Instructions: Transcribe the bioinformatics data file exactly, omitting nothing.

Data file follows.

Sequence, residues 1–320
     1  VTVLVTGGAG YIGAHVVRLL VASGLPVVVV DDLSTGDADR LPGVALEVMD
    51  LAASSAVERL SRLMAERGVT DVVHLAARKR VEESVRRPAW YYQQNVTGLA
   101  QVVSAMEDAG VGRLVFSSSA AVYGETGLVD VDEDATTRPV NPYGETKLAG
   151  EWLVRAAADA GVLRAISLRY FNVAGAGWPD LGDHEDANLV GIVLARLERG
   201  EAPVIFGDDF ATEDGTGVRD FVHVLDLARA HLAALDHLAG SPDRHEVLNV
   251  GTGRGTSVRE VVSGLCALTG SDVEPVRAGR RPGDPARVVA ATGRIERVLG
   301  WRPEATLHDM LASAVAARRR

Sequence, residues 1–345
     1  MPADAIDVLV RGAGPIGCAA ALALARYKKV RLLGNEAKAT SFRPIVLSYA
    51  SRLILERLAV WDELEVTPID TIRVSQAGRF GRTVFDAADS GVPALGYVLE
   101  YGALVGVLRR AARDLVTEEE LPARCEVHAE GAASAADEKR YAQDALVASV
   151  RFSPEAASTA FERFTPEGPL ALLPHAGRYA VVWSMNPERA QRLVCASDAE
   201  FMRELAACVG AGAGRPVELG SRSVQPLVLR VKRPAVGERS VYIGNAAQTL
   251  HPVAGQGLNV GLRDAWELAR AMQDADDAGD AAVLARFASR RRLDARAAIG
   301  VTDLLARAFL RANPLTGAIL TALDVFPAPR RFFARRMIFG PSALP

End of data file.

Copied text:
Sequence, residues 1–320
     1  VTVLVTGGAG YIGAHVVRLL VASGLPVVVV DDLSTGDADR LPGVALEVMD
    51  LAASSAVERL SRLMAERGVT DVVHLAARKR VEESVRRPAW YYQQNVTGLA
   101  QVVSAMEDAG VGRLVFSSSA AVYGETGLVD VDEDATTRPV NPYGETKLAG
   151  EWLVRAAADA GVLRAISLRY FNVAGAGWPD LGDHEDANLV GIVLARLERG
   201  EAPVIFGDDF ATEDGTGVRD FVHVLDLARA HLAALDHLAG SPDRHEVLNV
   251  GTGRGTSVRE VVSGLCALTG SDVEPVRAGR RPGDPARVVA ATGRIERVLG
   301  WRPEATLHDM LASAVAARRR

Sequence, residues 1–345
     1  MPADAIDVLV RGAGPIGCAA ALALARYKKV RLLGNEAKAT SFRPIVLSYA
    51  SRLILERLAV WDELEVTPID TIRVSQAGRF GRTVFDAADS GVPALGYVLE
   101  YGALVGVLRR AARDLVTEEE LPARCEVHAE GAASAADEKR YAQDALVASV
   151  RFSPEAASTA FERFTPEGPL ALLPHAGRYA VVWSMNPERA QRLVCASDAE
   201  FMRELAACVG AGAGRPVELG SRSVQPLVLR VKRPAVGERS VYIGNAAQTL
   251  HPVAGQGLNV GLRDAWELAR AMQDADDAGD AAVLARFASR RRLDARAAIG
   301  VTDLLARAFL RANPLTGAIL TALDVFPAPR RFFARRMIFG PSALP